- Path Coverage – this testing method ensures all of the paths described by the app are executed at least once.
- Multiple Condition Coverage – each entry point is used at least once during testing.
Software engineers select the combination of multiple techniques depending on the app peculiarities while using them all can lead to the extra-large number of test cases to be executed.
In most cases, white-box testing is automated and is carried out in the form of unit tests. When implemented before the development stage, it is executed as the Test-Driven Development (TDD).
Here are the advantages of WBT (white-box testing):
- Rapid problem identification – testers implement unit tests to work with smaller parts of the source code and locate defects at the early development stage.
- Facilitated programming – testers can sift through the parts of codes prone to errors and save developers a lot of time later.
- Security issues detection – experienced white-box testers can simulate attacks at the app’s code to effectively expose security risks and drawbacks.
Here are a few shortcomings of the white-box testing:
- Prone to human errors – like other manual testing types, there may be issues with white-box testing.
- Organizational difficulties – there is little chance to find testers with enough expertise to perform white-box testing.
- Financial expenses – this reason is interconnected with the previously mentioned one: qualified testers are expensive to hire.
Black-box testing vs white-box testing: when it’s better to use BBT and when you’d rather choose WBT?
White-box testing is perfect when it can be carried out by the developers who created the code with the help of unit tests. This is especially true for smaller teams and smaller-scale projects because of the limited number of testers.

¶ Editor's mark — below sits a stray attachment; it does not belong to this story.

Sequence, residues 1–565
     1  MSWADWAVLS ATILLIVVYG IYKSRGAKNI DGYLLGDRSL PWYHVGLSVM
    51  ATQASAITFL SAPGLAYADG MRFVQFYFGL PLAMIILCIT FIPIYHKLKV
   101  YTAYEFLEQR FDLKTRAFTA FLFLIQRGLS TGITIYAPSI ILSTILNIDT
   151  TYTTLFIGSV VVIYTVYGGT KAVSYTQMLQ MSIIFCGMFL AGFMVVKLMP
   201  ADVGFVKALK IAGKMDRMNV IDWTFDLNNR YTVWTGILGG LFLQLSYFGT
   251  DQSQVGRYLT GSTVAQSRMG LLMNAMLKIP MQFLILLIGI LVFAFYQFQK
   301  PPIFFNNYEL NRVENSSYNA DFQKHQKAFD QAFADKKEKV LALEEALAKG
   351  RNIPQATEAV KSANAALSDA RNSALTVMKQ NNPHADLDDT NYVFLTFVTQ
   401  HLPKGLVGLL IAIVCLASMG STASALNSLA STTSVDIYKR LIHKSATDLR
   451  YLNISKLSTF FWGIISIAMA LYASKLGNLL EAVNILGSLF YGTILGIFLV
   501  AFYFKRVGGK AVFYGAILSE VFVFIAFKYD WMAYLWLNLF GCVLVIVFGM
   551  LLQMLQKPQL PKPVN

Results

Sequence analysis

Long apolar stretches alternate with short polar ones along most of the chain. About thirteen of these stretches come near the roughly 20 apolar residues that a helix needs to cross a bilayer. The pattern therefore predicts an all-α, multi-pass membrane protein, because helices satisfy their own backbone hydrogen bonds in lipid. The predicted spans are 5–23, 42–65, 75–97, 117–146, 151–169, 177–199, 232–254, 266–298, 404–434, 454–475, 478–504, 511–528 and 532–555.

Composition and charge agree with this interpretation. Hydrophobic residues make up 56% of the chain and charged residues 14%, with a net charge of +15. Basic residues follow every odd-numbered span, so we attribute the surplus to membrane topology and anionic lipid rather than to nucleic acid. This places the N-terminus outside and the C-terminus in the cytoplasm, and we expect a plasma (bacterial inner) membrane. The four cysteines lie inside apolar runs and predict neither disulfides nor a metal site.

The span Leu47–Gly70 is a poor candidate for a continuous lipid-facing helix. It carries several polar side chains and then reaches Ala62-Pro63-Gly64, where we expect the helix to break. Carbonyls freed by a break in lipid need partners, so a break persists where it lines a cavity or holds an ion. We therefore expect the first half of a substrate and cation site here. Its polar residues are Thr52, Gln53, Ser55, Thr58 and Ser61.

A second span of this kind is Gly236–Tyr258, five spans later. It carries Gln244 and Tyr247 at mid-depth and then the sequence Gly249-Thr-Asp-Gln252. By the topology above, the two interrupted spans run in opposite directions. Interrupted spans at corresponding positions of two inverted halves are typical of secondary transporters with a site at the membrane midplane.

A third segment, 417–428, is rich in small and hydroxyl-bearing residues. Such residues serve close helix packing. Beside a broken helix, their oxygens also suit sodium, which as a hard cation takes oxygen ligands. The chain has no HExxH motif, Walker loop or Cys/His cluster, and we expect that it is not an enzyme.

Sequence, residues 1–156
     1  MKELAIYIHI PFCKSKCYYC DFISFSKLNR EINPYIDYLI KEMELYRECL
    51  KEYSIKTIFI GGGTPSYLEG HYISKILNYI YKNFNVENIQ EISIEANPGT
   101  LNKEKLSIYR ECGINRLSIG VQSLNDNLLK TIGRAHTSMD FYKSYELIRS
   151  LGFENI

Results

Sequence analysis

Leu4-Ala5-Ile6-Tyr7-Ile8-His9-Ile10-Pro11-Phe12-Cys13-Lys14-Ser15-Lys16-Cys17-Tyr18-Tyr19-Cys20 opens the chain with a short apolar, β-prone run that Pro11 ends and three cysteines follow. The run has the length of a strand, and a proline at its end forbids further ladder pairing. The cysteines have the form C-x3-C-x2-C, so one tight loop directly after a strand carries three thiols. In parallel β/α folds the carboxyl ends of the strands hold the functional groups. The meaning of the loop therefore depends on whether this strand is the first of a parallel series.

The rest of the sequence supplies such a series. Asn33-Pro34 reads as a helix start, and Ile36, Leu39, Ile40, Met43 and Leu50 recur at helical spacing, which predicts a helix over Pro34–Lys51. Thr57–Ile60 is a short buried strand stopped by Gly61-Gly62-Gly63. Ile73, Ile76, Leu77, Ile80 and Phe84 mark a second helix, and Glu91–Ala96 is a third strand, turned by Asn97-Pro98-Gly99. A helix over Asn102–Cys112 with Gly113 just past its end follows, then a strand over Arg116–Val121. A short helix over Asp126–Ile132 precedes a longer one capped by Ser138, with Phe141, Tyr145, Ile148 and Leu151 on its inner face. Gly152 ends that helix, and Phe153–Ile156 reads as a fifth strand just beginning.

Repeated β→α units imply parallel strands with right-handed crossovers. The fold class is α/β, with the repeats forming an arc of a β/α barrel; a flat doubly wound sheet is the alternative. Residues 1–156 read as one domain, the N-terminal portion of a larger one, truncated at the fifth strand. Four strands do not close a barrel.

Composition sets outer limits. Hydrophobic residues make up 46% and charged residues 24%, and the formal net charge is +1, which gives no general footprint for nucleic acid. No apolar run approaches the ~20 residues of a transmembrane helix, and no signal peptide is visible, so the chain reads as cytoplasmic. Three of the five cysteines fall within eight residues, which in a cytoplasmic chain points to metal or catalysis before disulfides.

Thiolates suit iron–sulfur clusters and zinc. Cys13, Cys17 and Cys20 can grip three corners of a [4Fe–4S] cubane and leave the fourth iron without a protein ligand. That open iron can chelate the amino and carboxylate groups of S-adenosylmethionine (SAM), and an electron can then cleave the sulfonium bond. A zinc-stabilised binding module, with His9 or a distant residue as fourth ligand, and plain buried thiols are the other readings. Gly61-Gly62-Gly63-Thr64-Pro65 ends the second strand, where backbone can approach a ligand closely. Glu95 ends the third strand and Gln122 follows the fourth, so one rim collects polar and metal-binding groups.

White-box testing types, like path testing, loop testing or condition testing, don’t require the complete GUI. Therefore, WBT is a great option to test early app builds and a rational choice for development to verify small program parts in-house. It is an effective way to test every path. As far as the drawbacks are concerned, white-box testing methods ensure the code is good but provides no guarantees this code is able to generate what users eventually expect. Also, it doesn’t separate the app from the testing environment, which may sometimes break the source code and add tasks for the developers.
The closer you are to the release date, the higher the priority of the black-box testing is.
Black-box testing, for example, functional, non-functional or regression testing, is a widespread testing option and is what most testers actually do. The testing is based on prioritization: how important this function is for the ready product. Its main goal is to test the behavior of the software, not the internal operation of the system. A large team of testers can identify UX problems last minute before the release. Test cases are easy to generate, while the dev team quickly responds to detected drawbacks. However, it is important to carefully organize black-box testing scenarios.
The well-thought-out combination of BBT and WBT gives software development companies the best chance to improve the end-user experience by creating a full-functioning end product.
To sum it all up:
- Black-box testing can’t replace white-box testing and vice versa. QA engineers usually implement a combination of them at the various development cycle phases in order to address different types of errors.
- For example, white-box testing may not require a working user interface, therefore, it is suitable for early testing. It requires sufficient programming skills and may include test automation.
- Black-box testing is great for pre-release testing, which ensures the app works exactly as intended from the user’s perspective.
- Each software development and QA team selects its own successful proportion between the white-box and black-box testing methods.